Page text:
A carved peach seed links generations in Georgia-native Anita Gail Jones' debut novel
LISTEN: Imagine you loved someone 50 years ago but life went on. Then, when you’re almost 70 years old, that person suddenly returns. That’s what happens to Fletcher Dukes in Anita Gail Jones’ debut novel. GPB's Peter Biello speaks with Anita Gail Jones about her debut novel, "The Peach Seed."
Imagine you loved someone 50 years ago. This someone turned down your marriage proposal and left town seemingly forever. Life went on. You started a family, became a grandparent. And then, when you’re almost 70 years old, that person suddenly returns. That’s what happens to Fletcher Dukes in Anita Gail Jones’ debut novel. Among the things that connect this couple is a monkey carved from a peach seed. GPB’s Peter Biello spoke with Jones, a native of Albany, Ga., about The Peach Seed.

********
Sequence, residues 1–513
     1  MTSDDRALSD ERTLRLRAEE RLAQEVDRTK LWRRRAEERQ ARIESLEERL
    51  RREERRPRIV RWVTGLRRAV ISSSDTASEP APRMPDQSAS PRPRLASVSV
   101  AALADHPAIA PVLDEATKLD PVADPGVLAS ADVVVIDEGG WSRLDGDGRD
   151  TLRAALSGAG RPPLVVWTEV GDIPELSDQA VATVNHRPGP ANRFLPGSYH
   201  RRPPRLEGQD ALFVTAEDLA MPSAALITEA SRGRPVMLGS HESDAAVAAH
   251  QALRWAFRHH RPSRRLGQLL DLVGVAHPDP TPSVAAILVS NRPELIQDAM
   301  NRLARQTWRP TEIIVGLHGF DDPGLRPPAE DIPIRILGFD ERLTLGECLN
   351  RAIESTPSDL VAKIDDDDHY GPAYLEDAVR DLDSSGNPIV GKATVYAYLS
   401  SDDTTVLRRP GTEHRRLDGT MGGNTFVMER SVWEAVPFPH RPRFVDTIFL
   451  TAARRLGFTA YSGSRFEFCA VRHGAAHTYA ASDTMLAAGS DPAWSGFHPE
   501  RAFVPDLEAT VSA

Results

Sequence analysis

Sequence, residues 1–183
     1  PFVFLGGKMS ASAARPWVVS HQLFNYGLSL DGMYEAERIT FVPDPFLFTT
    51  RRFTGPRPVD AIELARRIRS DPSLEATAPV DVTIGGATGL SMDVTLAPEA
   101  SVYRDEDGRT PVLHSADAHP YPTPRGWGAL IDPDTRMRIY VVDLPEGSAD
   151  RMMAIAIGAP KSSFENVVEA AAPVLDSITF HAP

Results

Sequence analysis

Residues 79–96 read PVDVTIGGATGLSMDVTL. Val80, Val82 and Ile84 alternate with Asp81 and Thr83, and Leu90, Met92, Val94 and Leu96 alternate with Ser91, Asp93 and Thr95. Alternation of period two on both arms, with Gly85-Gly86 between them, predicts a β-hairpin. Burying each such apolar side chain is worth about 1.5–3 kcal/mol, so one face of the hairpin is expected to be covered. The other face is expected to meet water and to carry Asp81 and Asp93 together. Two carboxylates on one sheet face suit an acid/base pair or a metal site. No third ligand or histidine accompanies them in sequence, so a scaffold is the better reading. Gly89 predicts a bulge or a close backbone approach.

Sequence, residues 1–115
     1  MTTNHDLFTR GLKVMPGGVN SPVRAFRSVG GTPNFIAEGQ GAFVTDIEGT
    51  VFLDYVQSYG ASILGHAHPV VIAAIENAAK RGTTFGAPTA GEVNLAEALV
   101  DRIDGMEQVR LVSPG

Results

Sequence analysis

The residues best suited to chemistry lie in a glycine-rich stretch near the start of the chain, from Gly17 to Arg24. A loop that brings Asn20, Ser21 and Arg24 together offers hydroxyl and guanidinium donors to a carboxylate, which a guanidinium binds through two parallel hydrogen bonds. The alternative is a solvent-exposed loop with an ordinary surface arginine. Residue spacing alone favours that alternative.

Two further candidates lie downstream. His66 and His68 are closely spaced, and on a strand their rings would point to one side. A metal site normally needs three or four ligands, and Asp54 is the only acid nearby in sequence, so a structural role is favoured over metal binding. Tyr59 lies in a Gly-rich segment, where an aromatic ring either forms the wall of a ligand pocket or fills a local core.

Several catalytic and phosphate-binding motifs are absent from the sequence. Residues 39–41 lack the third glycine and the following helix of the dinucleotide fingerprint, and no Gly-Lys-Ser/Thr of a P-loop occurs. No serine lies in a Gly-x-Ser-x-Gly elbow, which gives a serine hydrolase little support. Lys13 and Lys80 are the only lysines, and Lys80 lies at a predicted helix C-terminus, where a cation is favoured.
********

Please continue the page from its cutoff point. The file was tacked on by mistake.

Peter Biello: This book is kind of one of those classic "stranger comes to town" stories, even though she's not really a stranger, right? Altovise, years later, comes back to Albany and the peace that has settled into this family, the Dukes family, is kind of disrupted to some extent.
Anita Gail Jones: That's right.
Peter Biello: I can imagine being in Fletcher's position, right? The one that got away is suddenly back in town. And he was at that time a widower. And he's got to think about that. So how did you get into his perspective in a such an emotionally charged situation?
Anita Gail Jones: Hmm. It's the story that a lot of people gravitate to, that's — for a long time, my main pitch for the book — I, I centered it around that, that piece about Altovise being away for 50 years and then she comes back and people say, "oh, did they get back together?" It's like, "Oh, no, no, you got to read the books." So but I just really walked a mile in his shoes and just tried to imagine, "What if?"
Peter Biello: So tell us about the origins of this novel, The Peach Seed. Was it the little peach seed monkey that inspired the story?